Minneapolis City Council president Lisa Bender went viral on Monday morning when she told CNN that calling the police when your home is broken into “comes from a place of privilege,” before being lampooned by everyone from Sen. Ted Cruz to Donald Trump Jr.
Bender brought some attention to CNN’s low-rated morning show “New Day” when she joined Alisyn Camerota to discuss her goal of dismantling the Minneapolis police department in the wake of George Floyd’s tragic death while in police custody.
Bender said the police are not keeping everyone safe, and the first step of fixing the problem is to admit the current system isn’t working. Bender has said she can imagine a future without police, and has urged money to be redirected from a “militarized police force” to things she feels would greater benefit the community.
“Do you understand that the word dismantle, or police-free, also makes some people nervous, for instance, what if, in the middle of the night, my home is broken into,” Camerota asked. “Who do I call?”
“Yes, I mean I hear that loud and clear from a lot of my neighbors, and myself, too, and I know that that comes from a place of privilege,” Bender responded. “For those of us for whom the system is working, I think we need to step back and imagine what it would feel like to already live in that reality where calling the police may mean more harm is done.”
Bender said “in the very immediate, we have to lean into whatever changes we can make” to the existing police department.
“We’ve done an analysis of all the reasons people call 911, and I’ve looked at ways we can shift the response away from armed police officers into a more appropriate response for mental health calls, for some domestic violence calls, for health-related issues,” Bender said.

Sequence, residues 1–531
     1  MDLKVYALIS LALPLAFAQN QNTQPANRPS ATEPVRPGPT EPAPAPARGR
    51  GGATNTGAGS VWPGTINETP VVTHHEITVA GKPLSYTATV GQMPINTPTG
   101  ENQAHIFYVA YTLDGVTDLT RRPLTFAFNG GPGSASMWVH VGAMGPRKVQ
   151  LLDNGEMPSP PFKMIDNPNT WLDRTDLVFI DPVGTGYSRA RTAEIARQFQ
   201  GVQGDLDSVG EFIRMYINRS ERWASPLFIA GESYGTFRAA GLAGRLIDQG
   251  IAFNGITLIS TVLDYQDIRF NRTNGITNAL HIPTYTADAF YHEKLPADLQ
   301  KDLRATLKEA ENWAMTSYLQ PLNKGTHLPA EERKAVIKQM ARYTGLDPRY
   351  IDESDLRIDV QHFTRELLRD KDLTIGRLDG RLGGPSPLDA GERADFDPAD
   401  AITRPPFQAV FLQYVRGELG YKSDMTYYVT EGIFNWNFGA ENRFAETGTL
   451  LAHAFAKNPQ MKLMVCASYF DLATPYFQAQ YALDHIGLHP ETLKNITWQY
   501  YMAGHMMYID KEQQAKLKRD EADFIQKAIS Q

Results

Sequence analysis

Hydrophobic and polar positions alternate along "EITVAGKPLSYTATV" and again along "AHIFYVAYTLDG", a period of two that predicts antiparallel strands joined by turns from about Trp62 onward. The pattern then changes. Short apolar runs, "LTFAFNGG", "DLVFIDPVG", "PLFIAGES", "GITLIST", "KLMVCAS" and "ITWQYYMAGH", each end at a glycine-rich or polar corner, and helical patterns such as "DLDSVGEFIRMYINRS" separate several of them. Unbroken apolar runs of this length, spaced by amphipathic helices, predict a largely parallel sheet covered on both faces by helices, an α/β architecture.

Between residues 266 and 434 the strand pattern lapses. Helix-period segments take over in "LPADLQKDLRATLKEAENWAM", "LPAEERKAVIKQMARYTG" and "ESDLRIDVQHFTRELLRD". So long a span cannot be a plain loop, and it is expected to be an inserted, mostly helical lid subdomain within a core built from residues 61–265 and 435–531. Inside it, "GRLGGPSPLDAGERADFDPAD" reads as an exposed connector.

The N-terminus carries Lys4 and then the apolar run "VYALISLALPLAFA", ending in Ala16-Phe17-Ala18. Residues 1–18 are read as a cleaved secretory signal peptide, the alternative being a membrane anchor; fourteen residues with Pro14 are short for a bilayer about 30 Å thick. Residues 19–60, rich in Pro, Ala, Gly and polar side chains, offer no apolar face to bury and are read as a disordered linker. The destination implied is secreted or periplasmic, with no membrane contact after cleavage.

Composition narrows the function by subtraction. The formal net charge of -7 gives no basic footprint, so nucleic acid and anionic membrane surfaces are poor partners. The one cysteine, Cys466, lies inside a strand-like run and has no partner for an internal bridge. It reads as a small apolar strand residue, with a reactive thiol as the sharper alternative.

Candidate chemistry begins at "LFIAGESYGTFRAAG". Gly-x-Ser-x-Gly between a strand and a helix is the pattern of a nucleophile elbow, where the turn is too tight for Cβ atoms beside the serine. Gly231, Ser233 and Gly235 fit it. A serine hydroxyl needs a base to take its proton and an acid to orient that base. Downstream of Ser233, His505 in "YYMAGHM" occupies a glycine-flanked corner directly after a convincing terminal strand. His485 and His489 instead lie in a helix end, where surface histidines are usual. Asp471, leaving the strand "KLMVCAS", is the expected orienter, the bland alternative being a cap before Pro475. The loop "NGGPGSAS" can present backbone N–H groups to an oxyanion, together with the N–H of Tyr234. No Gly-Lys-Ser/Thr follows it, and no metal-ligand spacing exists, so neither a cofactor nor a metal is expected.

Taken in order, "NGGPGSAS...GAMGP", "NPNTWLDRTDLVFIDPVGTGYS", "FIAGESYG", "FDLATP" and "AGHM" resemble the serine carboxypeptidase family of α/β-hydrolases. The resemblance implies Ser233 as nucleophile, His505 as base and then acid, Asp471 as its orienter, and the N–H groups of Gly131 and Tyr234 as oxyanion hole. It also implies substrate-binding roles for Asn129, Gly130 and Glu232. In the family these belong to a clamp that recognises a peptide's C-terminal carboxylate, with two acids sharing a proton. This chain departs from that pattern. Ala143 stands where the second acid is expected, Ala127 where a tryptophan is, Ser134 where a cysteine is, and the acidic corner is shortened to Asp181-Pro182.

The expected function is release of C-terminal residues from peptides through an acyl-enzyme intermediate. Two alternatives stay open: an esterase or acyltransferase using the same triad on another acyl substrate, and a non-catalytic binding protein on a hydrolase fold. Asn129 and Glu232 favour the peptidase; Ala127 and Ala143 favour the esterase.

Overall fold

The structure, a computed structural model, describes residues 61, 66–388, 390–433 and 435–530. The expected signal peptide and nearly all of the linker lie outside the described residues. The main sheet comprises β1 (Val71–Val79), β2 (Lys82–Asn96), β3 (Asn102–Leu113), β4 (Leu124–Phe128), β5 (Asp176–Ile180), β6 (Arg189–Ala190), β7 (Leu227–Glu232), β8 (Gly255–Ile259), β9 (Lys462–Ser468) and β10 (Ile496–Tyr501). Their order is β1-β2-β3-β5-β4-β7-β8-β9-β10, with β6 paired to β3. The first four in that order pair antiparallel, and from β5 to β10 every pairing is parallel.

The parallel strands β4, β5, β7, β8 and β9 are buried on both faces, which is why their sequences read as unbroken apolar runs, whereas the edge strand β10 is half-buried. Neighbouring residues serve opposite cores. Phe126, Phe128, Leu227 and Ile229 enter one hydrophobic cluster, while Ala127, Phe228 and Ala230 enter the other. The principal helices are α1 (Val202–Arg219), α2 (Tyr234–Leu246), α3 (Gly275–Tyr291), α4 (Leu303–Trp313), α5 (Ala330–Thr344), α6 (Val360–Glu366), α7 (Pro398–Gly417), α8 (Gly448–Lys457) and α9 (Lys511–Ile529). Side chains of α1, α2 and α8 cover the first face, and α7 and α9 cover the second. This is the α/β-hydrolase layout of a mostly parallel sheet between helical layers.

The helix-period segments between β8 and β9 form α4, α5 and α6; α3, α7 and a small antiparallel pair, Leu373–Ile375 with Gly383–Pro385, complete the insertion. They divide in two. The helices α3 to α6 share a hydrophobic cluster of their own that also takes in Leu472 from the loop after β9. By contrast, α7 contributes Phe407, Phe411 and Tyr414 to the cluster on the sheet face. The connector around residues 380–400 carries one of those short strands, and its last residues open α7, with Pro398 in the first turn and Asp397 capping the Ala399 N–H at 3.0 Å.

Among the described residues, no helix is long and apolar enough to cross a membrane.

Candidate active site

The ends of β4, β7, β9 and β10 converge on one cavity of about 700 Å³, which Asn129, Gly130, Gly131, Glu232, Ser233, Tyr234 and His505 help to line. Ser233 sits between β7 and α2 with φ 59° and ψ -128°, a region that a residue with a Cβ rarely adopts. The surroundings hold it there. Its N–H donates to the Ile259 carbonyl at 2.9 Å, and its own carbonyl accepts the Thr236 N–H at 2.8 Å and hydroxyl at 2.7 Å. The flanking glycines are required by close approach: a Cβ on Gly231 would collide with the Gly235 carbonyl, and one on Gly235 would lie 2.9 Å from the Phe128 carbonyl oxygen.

The video picked up more than 1.7 million views before noon ET.
Many people took to Twitter with thoughts on Bender’s comment:
Minneapolis Mayor Jacob Frey on Sunday reiterated that he doesn’t support abolishing the city’s police force, hours after a veto-proof majority of members of the Minneapolis City Council said they want to take that drastic step.
Frey, who ordered a police station to evacuate as rioters burned it to the ground last month, was shouted down by a large gathering of demonstrators near his home on Saturday when he defied their demands to shutter the city’s police forces entirely.
Nationally, efforts to defund the police have been broadly unpopular, with only about 20 percent of Americans favoring reductions in police forces. Citing publicly available data, commentators have asserted that the very idea of systemic racism by police is questionable.
Fox News’ Gregg Re contributed to this report.